Venezuelan media and transparency advocates have launched platforms to ensure that voters in the Dec. 6 parliamentary elections have an outlet to report irregularities in the electoral process.
For five years, a group of young people from the periphery of São Paulo, under the supervision of journalist Izabela Moi, faced a challenge: portray their neighborhoods from an "insider’s view," with coverage that went beyond clichés about violence and welfare.
In the middle of the June 2013 protests that brought thousands of people to the Brazilian streets, the carioca newspaper Extra took advantage of the popular mobilization to start a pioneering project in the country: The use of a message app, WhatsApp in news coverage. Quick, simple, and direct, the readers started sending texts photos and videos directly to the publication. In an interview with the Knight Center for Journalism in the Americas the editor Fábio Gusmão, the founder of the project, strikes a balance with that collaboration and is excited about the results of the initiative. This Tuesday (June 24th)
With the purpose of bypassing the censorship and self-censorship that ail Venezuelan news outlets since the country's mass protests began in February this year, a group of Latin American journalists developed a new site that taps into social media to inform about the crisis.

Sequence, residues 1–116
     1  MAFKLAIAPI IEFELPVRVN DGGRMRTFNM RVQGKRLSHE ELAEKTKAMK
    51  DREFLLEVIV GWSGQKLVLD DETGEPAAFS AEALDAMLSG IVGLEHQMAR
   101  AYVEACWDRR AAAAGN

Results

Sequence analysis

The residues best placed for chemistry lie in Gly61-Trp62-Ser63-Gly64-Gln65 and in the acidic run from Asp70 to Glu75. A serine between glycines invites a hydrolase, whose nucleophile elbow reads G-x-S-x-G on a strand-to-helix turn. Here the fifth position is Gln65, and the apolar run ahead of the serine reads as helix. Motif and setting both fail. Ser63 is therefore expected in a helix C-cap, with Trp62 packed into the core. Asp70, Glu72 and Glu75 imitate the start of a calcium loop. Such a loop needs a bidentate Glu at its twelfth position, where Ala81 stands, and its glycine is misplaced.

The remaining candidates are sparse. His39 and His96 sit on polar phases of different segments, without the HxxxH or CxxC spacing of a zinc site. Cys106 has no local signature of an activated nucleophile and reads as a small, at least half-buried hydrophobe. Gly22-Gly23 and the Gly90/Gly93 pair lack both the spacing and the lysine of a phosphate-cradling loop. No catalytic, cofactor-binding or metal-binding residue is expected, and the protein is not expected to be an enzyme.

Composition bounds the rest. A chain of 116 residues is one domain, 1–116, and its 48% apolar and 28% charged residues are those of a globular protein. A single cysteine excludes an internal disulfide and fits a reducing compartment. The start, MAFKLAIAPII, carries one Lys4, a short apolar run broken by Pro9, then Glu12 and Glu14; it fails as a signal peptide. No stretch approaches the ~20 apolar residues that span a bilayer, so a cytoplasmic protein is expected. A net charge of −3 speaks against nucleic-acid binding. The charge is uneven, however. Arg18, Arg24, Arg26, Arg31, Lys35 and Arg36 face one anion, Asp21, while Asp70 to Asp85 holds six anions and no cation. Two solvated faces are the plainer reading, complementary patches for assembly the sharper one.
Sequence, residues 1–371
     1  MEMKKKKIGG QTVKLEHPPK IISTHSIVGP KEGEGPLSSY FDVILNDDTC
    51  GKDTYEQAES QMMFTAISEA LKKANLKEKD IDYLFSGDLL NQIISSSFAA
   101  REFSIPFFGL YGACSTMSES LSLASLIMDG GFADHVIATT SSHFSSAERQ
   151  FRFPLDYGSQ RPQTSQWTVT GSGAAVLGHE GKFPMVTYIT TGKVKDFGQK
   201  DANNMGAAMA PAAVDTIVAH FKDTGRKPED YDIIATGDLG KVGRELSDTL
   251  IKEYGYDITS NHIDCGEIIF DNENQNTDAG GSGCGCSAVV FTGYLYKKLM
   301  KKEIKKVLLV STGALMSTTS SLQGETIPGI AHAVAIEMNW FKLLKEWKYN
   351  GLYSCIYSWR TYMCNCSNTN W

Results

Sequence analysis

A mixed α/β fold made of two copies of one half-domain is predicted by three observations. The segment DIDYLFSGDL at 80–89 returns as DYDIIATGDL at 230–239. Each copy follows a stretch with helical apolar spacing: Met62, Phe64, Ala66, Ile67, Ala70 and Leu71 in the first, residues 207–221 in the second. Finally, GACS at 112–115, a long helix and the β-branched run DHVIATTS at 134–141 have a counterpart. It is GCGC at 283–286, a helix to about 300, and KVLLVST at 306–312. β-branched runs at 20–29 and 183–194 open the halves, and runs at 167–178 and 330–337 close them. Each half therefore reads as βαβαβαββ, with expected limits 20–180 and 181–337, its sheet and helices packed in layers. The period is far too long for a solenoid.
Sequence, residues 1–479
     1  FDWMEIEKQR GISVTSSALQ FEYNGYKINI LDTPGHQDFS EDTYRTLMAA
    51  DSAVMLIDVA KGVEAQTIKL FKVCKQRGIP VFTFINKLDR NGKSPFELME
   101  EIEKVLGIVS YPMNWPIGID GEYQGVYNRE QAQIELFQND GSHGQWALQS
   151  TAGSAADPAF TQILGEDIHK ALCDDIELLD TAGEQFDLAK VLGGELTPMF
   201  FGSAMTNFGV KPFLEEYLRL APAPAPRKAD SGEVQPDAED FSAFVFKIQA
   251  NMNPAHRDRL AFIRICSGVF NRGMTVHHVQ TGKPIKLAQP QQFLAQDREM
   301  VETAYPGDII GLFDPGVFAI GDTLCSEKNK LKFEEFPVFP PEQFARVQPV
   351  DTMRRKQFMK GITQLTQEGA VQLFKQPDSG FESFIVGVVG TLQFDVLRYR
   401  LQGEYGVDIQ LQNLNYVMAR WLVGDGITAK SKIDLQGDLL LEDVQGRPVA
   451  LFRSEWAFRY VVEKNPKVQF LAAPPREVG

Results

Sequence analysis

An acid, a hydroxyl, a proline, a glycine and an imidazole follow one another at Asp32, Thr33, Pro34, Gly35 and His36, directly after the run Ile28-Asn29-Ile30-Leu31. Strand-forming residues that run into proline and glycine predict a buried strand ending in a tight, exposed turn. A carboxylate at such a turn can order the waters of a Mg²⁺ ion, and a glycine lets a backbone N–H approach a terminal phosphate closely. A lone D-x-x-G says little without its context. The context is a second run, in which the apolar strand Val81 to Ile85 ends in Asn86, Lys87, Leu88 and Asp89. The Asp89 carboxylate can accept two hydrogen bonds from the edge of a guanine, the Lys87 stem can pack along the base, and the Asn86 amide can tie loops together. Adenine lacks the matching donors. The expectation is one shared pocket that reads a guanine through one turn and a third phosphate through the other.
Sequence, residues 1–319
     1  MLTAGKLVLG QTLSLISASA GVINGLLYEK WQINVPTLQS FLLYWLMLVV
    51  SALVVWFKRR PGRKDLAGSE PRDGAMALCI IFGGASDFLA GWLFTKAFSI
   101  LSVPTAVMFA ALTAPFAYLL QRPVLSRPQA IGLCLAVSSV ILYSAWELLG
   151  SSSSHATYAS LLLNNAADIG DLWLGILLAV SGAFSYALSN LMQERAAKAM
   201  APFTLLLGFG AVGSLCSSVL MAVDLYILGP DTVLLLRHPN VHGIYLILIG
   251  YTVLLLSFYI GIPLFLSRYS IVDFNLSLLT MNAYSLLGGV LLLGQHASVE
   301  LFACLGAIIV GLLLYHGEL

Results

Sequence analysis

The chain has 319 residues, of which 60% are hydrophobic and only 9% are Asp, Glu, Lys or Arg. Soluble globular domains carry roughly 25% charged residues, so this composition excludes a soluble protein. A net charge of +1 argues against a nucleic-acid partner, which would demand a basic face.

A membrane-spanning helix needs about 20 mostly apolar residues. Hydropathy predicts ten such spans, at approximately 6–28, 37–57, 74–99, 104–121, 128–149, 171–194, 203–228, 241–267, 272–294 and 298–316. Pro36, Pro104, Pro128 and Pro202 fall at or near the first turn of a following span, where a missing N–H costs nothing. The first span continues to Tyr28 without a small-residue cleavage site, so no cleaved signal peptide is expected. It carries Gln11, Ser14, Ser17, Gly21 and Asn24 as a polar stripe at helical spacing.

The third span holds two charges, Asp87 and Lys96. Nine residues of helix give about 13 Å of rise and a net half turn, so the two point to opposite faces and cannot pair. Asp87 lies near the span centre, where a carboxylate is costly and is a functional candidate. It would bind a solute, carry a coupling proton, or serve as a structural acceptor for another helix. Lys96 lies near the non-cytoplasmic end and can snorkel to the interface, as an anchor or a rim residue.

Google has launched a Spanish version of its Media Tools website, which gathers all its digital tools with journalistic applications in a single place.
When journalists meet to talk about the future of the profession, the conversation often turns pessimistic: shrinking newsrooms and fewer spaces for in-depth reporting are some of the most common complaints. But there are some who see in this diagnosis of the crisis in traditional journalism a source of opportunities.
After a nine-month hiatus, the English-language news site The Nicaragua Dispatch has relaunched as Central America’s first online hub for community bloggers.
The European Journalism Centre (EJC) released this week the first edition of its Verification Handbook, a free guide in English on fact checking digital content with a focus on emergency coverage.
Two media outlets in El Salvador have announced that they are going to use nonmilitary drones to cover the upcoming presidential election. The drones are to provide videos, photos and new perspectives of the Feb. 2 election for the 2014-2019 term, said Salvadorian newspapers El Diario de Hoy and La Prensa Gráfica.
One of the biggest questions in journalism entrepreneurship today is how to finance a publication in the digital age and ensure its sustainability.